Wine guide

Spanish Wine Terms
  • Spanish wines have a language all their own. This guide will help you tell a hondarribi from a cosecha!
The Grapes in Spain† White Varieties
  • Albariño: Depending upon the vintage and the subregion of Rías Baixas, the indigenous variety of Galicia in northwest Spain can be rich and expressive, with peach and apricot notes, or tart and bracing, like green apples and lemon peels. Native.
  • Hondarribi: A cause célèbre in some markets, this produces the bracingly tart, txakoli (chacolí) style of white wine of Basque Country. Native.
  • Macabeo: Synonym for Viura used in southern Spain. Native.
  • Parellada: The bulk ingredient of most Cava and a few pleasant table wines. Native.
  • Verdejo: A delightful and textured grape, with citrus elements covering notes of melon, apple and stone fruits. Often it is blended with Sauvignon Blanc and/or Viura in Rueda. Native.
  • Viura: In Penedès, where it is called Macabeo, it’s the fat and friendly part of the Cava blend. In Rioja or Navarra, you can find partisans who believe it simply requires careful vilification to unlock its character and even longevity. Native.
  • Xarel-lo: One of the principal constituents of Cava, this very interesting variety goes into the production of some lovely wines from the slate soils in Alella. It can be the layered and ageworthy part of Cava. Native.
Rosé Varieties  
  • Trepat: Trepat is a black grape variety used especially for Rosé cava. The color is fine pale , which is obtained by applying technology which is normally specific to white wines to the must, while respecting the natural rosé color of the variety. The result is a fine and light sparkling wine.
Red Varieties  
  • Bobal: This variety is better known for its blending attributes (big and rich) than for its stand-alone abilities, but there are now delicious 100% Bobals being made in the Valencia region. Native.
  • Cabernet Sauvignon: Planted in Spain after the scourge of the phylloxera brought French winemakers to Spain in the 19th century. It is generally tolerated by the D.O. rules, including in Rioja, where it is now permitted and where you can find small authorized plots. Foreign.
  • Cariñena: Known as Carignan in the rest of the world, but its rightful name is Cariñena, just like the eastern Spanish town from which it probably originates. It’s called Mazuelo in Rioja and is most prominent in Priorat and Montsant, where old vines can produce a powerful, even noble wine. Native.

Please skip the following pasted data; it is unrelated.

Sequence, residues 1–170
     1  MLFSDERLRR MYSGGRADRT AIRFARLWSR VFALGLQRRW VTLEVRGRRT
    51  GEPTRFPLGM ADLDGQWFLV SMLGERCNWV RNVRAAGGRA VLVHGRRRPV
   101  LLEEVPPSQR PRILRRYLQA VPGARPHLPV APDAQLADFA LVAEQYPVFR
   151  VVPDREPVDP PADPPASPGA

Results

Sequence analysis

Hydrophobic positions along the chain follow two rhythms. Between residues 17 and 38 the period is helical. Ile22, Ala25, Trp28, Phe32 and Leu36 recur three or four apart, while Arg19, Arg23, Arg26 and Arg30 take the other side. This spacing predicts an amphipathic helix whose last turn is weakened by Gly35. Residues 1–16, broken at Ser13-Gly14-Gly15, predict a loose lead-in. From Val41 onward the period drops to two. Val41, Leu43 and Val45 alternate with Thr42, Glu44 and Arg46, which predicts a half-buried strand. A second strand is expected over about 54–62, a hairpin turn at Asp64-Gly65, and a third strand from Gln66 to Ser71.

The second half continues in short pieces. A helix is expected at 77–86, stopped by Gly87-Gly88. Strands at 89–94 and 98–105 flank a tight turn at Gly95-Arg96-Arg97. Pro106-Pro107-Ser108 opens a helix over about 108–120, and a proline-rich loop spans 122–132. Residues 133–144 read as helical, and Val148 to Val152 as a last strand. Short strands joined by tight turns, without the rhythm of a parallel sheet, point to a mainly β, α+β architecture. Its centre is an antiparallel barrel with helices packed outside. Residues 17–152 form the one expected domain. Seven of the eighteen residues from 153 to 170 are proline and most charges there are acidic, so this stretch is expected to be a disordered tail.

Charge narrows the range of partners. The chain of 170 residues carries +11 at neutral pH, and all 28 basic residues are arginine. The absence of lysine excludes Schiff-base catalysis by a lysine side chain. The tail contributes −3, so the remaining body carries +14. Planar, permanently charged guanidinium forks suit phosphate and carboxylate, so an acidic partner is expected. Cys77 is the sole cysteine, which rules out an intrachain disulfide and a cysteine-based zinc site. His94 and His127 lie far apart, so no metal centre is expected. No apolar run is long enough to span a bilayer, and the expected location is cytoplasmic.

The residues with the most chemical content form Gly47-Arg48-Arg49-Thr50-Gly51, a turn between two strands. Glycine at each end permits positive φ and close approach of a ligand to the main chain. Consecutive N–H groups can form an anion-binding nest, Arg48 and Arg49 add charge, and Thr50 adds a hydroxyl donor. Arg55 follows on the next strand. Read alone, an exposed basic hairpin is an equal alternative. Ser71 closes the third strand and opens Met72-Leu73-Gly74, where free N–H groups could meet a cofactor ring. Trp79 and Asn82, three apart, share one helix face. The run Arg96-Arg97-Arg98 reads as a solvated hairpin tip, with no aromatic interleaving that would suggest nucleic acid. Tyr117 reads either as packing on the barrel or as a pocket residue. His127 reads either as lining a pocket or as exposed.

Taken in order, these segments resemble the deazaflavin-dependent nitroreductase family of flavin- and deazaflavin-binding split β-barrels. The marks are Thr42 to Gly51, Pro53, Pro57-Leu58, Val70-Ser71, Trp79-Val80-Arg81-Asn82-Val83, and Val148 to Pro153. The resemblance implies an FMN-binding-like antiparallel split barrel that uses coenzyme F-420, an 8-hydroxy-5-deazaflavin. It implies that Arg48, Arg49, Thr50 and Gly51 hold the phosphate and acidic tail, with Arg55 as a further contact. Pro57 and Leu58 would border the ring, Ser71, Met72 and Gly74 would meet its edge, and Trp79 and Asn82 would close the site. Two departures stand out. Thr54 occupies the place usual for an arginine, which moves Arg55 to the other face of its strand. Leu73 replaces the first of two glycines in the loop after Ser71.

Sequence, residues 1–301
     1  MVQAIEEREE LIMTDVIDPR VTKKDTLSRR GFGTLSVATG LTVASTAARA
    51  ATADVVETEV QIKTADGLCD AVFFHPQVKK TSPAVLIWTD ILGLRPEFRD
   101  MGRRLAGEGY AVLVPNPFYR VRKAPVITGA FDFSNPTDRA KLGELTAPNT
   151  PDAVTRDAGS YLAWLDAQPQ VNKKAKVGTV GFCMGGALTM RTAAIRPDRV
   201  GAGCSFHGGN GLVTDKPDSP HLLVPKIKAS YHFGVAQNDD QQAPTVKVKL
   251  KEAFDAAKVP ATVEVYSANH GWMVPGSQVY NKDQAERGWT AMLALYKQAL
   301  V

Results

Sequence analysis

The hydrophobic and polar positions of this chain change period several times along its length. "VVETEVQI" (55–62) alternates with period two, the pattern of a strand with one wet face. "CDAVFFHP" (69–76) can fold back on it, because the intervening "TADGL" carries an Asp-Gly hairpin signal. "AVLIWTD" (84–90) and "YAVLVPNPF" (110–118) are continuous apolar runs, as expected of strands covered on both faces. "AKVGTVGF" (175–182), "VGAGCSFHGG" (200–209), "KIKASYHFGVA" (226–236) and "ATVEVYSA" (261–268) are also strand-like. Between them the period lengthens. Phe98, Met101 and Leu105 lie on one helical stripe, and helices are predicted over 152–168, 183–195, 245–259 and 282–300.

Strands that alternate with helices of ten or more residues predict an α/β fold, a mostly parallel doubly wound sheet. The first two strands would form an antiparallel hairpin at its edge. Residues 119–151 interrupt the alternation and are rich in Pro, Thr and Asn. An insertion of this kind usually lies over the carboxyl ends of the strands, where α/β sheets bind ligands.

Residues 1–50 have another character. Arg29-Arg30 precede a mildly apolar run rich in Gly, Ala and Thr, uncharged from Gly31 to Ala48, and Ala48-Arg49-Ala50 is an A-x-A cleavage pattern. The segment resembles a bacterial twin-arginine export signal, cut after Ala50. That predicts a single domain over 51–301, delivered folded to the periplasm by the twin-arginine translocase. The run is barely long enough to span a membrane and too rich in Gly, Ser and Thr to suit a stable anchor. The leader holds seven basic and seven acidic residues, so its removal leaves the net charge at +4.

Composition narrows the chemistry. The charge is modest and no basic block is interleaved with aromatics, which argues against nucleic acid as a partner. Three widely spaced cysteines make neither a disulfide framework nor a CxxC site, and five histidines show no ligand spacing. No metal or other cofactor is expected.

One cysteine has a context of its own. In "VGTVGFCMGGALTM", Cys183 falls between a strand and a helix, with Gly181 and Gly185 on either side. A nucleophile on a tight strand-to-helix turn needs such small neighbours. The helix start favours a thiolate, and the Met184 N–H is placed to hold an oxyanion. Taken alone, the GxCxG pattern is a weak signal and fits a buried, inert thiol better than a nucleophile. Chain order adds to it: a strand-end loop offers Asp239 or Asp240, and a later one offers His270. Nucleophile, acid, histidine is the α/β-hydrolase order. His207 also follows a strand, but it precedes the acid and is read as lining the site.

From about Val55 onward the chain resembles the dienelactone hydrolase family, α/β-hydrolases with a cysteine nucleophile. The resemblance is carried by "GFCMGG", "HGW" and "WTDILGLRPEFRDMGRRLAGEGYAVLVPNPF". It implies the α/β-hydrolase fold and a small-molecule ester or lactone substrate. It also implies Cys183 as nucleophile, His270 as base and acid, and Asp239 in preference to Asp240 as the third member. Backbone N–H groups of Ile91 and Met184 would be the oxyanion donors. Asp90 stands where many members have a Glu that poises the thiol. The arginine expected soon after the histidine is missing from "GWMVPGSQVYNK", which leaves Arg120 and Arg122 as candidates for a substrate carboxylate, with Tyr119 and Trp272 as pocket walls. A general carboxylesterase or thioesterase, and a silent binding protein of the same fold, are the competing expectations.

• Graciano: A very minor player in Rioja but one that has its fans. In can have beautiful aromatics, color and tannin. Native.
  • Mazuelo: Synonym for Cariñena used in Rioja. Native.
  • Tempranillo: The reigning indigenous red variety of Spain. There are many clones of this grape throughout Spain, as there are styles of wine it can produce. If Tempranillo still lacks a high profile internationally, it is probably due to its unwillingness to become as vibrant and exciting when it grows outside of Spain. Native.
  • Synonyms for Tempranillo:
  • Tinta del País – used in D.O. Ribera del Duero
  • Tinta de Toro – used in D.O. Toro
  • Tinta Fino – used in D.O. Ribera del Duero
Spanish Wine Label Terms†
  • Bodega: A generic term meaning winery but sometimes applied to wine shops or cellars outside Spain.
  • Cava: A term reserved for those sparkling wines that are produced by the classic method used to make Champagne. By law, European countries can’t use the term method champenoise, so in Spain the term método tradicional or método clásico is placed on the bottle instead. Cava must spend a minimum of 9 months on the lees.
  • Cosecha: Harvest or vintage.
  • Crianza: And D.O. or D.O.C. red wine that has been aged a minimum of 24 months, with 6 months in a barrel with a capacity of 330 liters or less. In the regions of Navarra, Rioja and Ribera del Duero, that minimum barrel time is 1 year. White wines must be a year old, with 6 months in barrel.
  • Gran Reserva: Any D.O. or D.O.C. red wine that has been aged a minimum of 5 years, with one and a half years in barrel. In the regions of Navarra, Rioja and Ribera del Duero, that minimum barrel time is 2 years. White wines must be 4 years old, with 6 months in barrel. Cava’s version of the Gran Reserva is defined as spending 30 months on the lees.
  • Joven: A term potentially applied to any D.O. or D.O.C. wine where the wine typically spend little to no time in oak and is sold as a fresh and fruity wine.
  • Reserva: Any D.O. or D.O.C. red wine that has been aged a minimum of 36 months, with 1 year in barrel. White wines must be 2 years old, with 6 months in barrel.
  • Roble: Literally “oak,” but this term can appear upon a label, most often, of a Joven wine; it informs the buyer that the wine has spent at least a little time in barrel.
† The Grapes in Spain and Spanish Wine Label Terms Courtesy of the “2008 Wines from Spain Far from Ordinary Wine Guide”